Most of the posters (2,090 items) were created by American artists in the United States to encourage, cajole and hector Americans to contribute to the war effort by joining one of the branches of the military; conserving food, fuel and other resources; donating money by buying stamps and bonds to underwrite the cost of the war; providing aid for soldiers and humanitarian causes; and providing soldiers with jobs after the war. Other posters in the collection make the same appeals to the citizens of France (349), Canada (311), the United Kingdom (299), Germany (262), Italy (114), Australia (61) and Austria (54). The remaining posters come from other European countries as well as a few from South America, the Caribbean and Asia. (The posters from the various parts of the Great Britain were initially labeled ENG (for England) and that labeling has been retained.)
Many well-known artists of the era are represented in this collection, including James Montgomery Flagg, Charles Dana Gibson, Adolph Treidler, and Howard Chandler Christy in the United States; French artists Sem (Georges Goursat), Francisque Poulbot, Abel Faivre; Anglo-Welsh artist Frank Brangwyn, whose work was used by U.S., French and U.K. lithographers; and German artists Helmuth Stockmann, Ludwig Hohlwein, and Louis Oppenheim.
One interesting subset in the collection is 16 posters designed by French children, which include the names and ages of several of the young artists. Another is several German posters, created after the war, sounding the alarm about the spread of Bolshevism from Russia into Germany. There are even several posters noting that since women were working alongside men in the war effort, the men should give them the vote. (The men in New York State concurred with the women, giving them the franchise in November 1917.)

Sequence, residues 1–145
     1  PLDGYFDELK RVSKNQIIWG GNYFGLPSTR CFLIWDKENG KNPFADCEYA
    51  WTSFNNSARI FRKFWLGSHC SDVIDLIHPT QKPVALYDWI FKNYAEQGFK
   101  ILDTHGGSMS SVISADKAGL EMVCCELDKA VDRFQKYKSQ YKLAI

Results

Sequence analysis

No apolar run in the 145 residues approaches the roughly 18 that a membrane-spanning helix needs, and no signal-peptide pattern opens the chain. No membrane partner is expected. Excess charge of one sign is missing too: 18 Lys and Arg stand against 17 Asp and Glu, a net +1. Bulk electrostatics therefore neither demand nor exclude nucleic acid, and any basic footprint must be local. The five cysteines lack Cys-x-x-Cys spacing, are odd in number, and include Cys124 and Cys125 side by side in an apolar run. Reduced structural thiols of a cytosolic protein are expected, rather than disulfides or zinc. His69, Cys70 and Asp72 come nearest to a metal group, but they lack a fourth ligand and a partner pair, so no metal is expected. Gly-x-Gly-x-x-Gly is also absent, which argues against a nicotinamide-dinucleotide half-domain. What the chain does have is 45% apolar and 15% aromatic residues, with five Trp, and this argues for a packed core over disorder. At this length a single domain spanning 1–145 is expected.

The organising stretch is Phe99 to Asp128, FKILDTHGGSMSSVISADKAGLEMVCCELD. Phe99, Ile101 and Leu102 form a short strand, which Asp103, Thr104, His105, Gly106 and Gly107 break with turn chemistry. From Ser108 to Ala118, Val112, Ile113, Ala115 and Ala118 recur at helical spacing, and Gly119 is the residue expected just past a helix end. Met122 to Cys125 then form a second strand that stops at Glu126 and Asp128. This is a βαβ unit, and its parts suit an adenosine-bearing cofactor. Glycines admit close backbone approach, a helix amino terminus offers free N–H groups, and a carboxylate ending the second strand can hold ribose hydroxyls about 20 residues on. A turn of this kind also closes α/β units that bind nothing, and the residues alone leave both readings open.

Many, but not all, of the posters were backed with muslin, which has, over the past 100 years, proven to be an excellent idea in that the posters with the backing are in much better condition than those which were not backed. Many of the muslin-backed posters also have grommets, seeming to indicate they were or would be hung in exhibitions. In addition to the paper posters, there are a number of trolley-car placards that were printed on cardboard.
In addition to its Item Number, each poster description includes title text (plus explanatory text the cataloger deemed necessary to being able to convey as fully as possible the impact the poster would have had on viewers); a textual description of the image(s) on the poster; the name of the artist, if it could be identified; the name of the printer, if identified; the name of the publishing agency; and the size (in centimeters). For posters printed in a language other than English, an attempt was made to translate at least part of the poster title.
Thumbnail images of the posters are included where available. They are not all scans of the actual poster in our collections; some came from various online sources and are included to serve as a reference and to help researchers identify posters without undue wear and tear on the originals
|Collection Grouping||Abbreviation with first and last numbers in collection||Total Number of Posters|
|United States: General||US GEN 01-1626||1626|
|United States: Recruiting||US REC 01-461a, 563, 719||464|
|Australia: General||AUSL GEN 01||1|
|Australia: Recruiting||AUSL REC 01-60||60|
|Canada: General||CAN GEN 01-173||173|
|Canada: Recruiting||CAN REC 01-137||137|
|England: General||ENG GEN 01-79, 85a||80|
|England: Recruiting||ENG REC 01-219||219|
|New Zealand||NZ 01-03||3|
*This number is based on the number written on the last poster in each collection; for several of the larger collections, there was some intermediary numbering, which would bring the total to a slightly higher number. The New York State Library also has several extremely large posters that are in too fragile a condition to open to determine if they were inventoried when they first came to the State Library.